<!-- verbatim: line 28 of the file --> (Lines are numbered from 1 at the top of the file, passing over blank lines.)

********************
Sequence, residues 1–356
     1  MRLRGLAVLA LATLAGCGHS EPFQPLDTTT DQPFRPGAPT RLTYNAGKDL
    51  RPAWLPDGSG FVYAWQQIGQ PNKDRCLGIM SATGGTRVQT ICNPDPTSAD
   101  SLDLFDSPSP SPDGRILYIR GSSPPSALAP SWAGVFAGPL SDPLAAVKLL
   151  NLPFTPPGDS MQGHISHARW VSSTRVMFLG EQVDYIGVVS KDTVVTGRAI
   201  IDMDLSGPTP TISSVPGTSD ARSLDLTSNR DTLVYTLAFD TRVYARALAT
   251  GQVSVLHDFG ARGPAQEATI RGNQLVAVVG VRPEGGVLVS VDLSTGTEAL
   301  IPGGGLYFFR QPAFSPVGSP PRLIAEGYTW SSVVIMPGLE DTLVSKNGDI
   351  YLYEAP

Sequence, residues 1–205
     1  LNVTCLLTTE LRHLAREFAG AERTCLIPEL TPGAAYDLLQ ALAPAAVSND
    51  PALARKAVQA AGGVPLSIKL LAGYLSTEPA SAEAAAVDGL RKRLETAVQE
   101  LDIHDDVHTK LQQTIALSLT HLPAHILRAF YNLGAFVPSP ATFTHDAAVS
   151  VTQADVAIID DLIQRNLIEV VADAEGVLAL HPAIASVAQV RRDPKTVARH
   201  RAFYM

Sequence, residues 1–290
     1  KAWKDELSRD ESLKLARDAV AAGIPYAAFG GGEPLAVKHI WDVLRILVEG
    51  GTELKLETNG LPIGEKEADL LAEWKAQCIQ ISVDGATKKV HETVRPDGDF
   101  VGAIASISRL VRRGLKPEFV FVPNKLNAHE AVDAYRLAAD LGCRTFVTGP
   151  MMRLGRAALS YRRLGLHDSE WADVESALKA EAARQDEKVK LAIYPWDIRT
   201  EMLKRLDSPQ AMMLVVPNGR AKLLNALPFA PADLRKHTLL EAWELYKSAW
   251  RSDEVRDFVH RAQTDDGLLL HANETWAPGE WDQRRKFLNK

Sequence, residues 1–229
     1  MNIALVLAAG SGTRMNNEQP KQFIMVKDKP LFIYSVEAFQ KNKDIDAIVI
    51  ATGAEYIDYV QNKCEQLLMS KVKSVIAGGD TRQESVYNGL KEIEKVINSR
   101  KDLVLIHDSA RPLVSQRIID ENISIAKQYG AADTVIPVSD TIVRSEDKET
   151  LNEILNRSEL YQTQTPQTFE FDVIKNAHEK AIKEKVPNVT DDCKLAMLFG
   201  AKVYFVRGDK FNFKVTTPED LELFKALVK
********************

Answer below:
   201  AKVYFVRGDK FNFKVTTPED LELFKALVK